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Snapchat seems to have settled on live TV as the ephemeral messaging service's ad model.
Snapchat is talking with marketers about incorporating ads into its live-events product called "Our Story," according to people with knowledge of the discussions.
Snapchat introduced "Our Story" in June as a way to organize people's Snapchat photo and video posts -- called "snaps" -- taken at live events. Each Saturday, for example, Snapchat picks a college football game and collects various snaps taken at the stadium before, during and after the game into a single, chronological "Our Story" that appears within Snapchat users' contact lists. "Our Story" feeds are updated throughout an event and can viewed piecemeal as snaps are added or in full after the event is finished. Within the last week, Snapchat has created Our Stories around the World Series, NBA star LeBron James' return to Cleveland and the New York City marathon.
Snapchat is looking to sell sponsorships of individual "Our Stories" as well as letting advertisers pay to have branded snaps appear within the live-event collections, the people said.
A Snapchat spokeswoman declined to comment.
Snapchat's ad strategy, at least initially, appears to be replicating advertising during live TV events. The service's first ads that debuted last month disappeared after someone exited the app and couldn't be shared with others and were likened to linear TV ads by its advertiser, Universal Pictures. The "Our Story" ads would bear even more obvious similarities given their ties to live events and the fact that while a person can start and stop viewing an "Our Story" they can't fast-forward through the linear feed.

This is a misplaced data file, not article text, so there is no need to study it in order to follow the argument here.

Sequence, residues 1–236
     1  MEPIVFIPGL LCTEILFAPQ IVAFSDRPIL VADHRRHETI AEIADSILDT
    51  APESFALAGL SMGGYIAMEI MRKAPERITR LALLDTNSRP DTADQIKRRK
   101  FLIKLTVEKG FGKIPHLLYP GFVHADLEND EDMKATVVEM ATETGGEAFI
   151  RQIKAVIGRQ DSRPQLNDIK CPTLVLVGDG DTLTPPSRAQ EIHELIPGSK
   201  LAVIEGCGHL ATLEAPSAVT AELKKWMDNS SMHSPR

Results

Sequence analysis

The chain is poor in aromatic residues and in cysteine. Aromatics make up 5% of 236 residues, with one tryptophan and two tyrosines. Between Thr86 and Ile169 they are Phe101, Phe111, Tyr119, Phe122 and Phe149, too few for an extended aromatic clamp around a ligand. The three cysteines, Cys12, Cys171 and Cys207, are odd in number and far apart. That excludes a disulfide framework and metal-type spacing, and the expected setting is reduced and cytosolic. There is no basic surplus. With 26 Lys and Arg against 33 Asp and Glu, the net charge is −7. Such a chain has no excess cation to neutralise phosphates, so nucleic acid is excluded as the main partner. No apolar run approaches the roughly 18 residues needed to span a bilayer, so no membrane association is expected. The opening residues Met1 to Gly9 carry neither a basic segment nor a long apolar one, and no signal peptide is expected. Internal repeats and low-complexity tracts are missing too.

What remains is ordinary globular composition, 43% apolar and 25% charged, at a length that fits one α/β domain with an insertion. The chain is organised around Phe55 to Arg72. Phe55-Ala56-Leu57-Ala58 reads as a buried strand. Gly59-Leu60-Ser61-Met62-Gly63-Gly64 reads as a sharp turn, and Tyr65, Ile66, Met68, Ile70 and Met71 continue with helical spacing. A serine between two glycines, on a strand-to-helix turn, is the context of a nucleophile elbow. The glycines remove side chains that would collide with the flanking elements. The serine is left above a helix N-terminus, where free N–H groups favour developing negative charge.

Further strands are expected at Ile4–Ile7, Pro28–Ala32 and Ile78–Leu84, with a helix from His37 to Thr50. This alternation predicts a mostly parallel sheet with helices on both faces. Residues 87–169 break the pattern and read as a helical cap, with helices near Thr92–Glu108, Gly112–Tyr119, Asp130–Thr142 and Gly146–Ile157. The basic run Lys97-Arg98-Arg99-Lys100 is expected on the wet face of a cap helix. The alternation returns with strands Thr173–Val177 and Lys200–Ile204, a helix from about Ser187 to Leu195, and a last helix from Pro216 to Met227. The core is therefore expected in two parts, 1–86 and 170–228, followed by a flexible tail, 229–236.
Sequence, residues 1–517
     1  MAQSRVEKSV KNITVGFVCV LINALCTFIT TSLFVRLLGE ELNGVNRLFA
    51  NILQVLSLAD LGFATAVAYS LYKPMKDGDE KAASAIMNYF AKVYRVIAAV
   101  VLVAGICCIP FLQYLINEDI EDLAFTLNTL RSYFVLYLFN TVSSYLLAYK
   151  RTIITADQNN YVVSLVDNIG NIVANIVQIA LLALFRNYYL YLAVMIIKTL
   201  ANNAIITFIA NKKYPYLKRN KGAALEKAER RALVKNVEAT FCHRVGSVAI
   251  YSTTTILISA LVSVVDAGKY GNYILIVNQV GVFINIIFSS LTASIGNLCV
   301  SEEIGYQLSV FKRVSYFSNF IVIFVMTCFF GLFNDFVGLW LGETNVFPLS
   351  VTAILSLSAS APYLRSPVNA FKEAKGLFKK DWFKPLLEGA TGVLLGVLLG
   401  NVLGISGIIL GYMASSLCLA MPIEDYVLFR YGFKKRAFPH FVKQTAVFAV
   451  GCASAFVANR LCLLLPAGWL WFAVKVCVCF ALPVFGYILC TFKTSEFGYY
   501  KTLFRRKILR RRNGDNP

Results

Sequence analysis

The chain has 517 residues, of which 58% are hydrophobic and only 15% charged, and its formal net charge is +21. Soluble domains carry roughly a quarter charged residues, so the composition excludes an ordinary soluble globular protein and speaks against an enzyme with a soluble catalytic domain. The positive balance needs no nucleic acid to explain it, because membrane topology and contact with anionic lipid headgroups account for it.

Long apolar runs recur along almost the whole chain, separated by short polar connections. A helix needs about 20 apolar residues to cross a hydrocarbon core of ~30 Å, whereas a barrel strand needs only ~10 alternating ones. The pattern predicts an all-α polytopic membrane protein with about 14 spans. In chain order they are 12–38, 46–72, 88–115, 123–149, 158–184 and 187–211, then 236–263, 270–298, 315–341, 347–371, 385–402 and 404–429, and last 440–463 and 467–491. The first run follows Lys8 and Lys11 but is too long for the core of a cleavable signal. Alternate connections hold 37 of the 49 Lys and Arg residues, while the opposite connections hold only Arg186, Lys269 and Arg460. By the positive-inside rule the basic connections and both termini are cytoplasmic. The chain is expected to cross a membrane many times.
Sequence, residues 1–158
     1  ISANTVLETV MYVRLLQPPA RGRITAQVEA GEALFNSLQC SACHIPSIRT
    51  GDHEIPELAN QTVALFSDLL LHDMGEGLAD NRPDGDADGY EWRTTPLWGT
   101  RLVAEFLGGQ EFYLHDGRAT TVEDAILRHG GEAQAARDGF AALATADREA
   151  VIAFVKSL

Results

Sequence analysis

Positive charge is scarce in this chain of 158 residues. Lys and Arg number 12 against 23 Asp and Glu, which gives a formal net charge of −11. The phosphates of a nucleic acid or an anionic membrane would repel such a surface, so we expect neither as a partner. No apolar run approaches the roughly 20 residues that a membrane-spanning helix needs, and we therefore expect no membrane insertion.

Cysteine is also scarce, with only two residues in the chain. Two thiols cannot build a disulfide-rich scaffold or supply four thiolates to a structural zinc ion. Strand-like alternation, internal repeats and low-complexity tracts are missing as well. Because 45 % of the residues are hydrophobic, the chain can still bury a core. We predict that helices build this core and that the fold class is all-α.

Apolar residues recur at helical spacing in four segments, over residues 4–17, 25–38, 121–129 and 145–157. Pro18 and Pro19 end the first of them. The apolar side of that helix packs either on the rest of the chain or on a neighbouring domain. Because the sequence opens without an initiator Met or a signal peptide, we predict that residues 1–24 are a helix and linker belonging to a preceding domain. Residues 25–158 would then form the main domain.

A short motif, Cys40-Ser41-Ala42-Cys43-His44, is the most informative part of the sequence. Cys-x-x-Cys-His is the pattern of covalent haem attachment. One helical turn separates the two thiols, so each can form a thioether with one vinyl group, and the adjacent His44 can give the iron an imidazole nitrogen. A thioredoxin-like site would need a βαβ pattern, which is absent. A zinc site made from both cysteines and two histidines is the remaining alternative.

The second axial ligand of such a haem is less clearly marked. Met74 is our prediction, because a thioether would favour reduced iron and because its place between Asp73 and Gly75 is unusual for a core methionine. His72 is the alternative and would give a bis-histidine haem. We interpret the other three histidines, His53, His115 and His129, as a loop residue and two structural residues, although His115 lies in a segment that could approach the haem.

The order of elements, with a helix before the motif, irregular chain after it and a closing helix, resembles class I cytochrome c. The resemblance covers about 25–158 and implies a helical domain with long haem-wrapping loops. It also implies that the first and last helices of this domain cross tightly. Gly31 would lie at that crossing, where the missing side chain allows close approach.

As a hypothetical example of how the "Our Story" ads would work, a brand like Home Depot -- which is the presenting sponsor for ESPN's college football preview show -- could be the presenting sponsor for Snapchat's college football "Our Story" and have the brand's logo appear on the collection's opening title snap. The home-improvement retailer, which sells grills, could also take photos or videos of people barbecuing outside the stadium before the game, add a Home Depot logo and pay for those snaps to appear within the "Our Story" feed. Snapchat is expected to append some kind of labeling denoting the paid-for snaps as ads, the people said.
Snapchat is reportedly worth $10 billion on paper, but the company hadn't made any money until last month when it ran its first ad. To help close the gap between its valuation and revenue, Snapchat seems to be banking on its ability to attract brand advertisers who are directing their money to TV and online video. U.S. advertisers are projected to spend $6 billion on digital video ads this year and up that amount to $12.7 billion in 2018, according to eMarketer estimates.
While the "Our Story" ads are on Snapchat's roadmap, the discussions with marketers are in their early stages, and the timeline for the ads' roll-out is unclear, the people said.